Bad advice is everywhere, especially in marketing.
Reading and keeping up with marketing advice is overwhelming because there’s so much of it, and so much of it is awful.
While professional marketers and consultants eventually build up the experience to discern the junk from the gems, everyone else risks losing considerable amounts of time and money by following bad marketing advice that isn’t likely to yield any positive results.
The next time you stumble onto a marketing article, look for these warning signs of bad advice:
1. It's vague.
High-level and strategic advice could be useful, but an absence of details—such as examples, instructions, or references—signals that the author is more concerned about appearing to be helpful than being helpful.
Horoscope writers and psychics are masters at saying a lot without saying anything at all. Unfortunately, many marketers have picked up that skill.
2. It promises results that sound too good to be true.
If there are no mentions of caveats, failures, or cautionary notes, then something isn’t right.
Outrageous results get clicks. In an oversaturated field of marketing advice, marketers are trying to stand out by framing their slightest wins into tales of brilliancy and astronomical results.
Even when the intentions are good, advice that sounds too good to be true may be blind to limitations, context, and chance. In other words, someone offering sure-fire marketing advice may not be aware of all the factors that affected their own experience.
3. It focuses on vanity metrics.
Vanity metrics are things that look great but say nothing about business results. Visitors, pageviews, link clicks, and visitor counts are all vanity metrics. Getting 100,000 visitors says nothing about sales, leads, revenue, or users, no matter how great it feels.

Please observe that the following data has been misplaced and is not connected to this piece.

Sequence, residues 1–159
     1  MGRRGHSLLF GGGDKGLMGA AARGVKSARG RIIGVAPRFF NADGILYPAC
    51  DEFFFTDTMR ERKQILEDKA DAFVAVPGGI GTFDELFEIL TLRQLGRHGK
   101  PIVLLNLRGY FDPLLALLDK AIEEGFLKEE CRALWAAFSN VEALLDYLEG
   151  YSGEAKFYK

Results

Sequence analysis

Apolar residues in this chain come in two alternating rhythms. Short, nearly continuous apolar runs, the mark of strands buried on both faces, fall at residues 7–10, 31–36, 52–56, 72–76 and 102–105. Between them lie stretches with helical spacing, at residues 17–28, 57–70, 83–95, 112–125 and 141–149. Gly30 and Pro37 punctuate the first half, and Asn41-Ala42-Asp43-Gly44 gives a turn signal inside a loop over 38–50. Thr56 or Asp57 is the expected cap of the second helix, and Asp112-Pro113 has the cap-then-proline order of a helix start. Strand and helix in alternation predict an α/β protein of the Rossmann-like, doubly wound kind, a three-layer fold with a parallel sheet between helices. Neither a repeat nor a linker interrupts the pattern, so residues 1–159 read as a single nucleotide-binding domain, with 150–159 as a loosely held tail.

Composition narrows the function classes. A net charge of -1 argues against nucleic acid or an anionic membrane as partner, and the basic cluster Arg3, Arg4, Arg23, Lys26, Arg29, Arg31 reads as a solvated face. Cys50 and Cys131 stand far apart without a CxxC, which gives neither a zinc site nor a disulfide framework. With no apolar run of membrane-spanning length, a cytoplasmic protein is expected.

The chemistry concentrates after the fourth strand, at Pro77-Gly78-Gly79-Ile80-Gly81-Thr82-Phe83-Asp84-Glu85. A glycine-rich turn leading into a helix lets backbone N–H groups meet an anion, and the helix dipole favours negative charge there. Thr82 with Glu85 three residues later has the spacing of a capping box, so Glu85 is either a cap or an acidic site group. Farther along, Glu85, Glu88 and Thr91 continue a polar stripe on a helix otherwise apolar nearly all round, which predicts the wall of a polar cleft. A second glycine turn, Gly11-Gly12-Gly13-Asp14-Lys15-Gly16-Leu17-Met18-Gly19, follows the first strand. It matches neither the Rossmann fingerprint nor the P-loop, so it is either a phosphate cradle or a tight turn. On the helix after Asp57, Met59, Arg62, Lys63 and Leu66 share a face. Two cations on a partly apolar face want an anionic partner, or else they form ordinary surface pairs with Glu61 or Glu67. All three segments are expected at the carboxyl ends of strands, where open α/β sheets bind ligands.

I once came across a 3,000-word article in which a marketer flaunted getting thousands of visitors as a result of their genius marketing tactic. I would not fault most people for mistaking such a long and detailed article for quality advice that should be followed.
What I saw, however, were 3,000 shallow words without ”conversion” being mentioned even once. All air and no substance. When I pressed the author for details, they admitted that those thousands of visitors resulted in just $7 of revenue. Even after the revelation, the author still could not see what was wrong with that picture.
That article was featured in a popular marketing community. I can only hope the damage was limited to other marketers and not real decision makers.
(Unfortunately, marketing forums and communities are overspilling with bad advice. My general recommendation to everyone—including marketers—is to avoid them.)
Any advice that flaunts or promises results but stops short of mentioning meaningful outcomes, such as sales, leads, customers, or revenue, can be discarded without hesitation.
Now you can lower your risk of losing time, energy, and money by recognizing bad marketing advice. You can also avoid the risk entirely by consulting with an expert.
I will end this by giving credit to two sources that consistently publish substantive and helpful advice: the ConversionXL blog, and essays by Brian Balfour. Comment if you know of other reliably good sources who deserve a mention.
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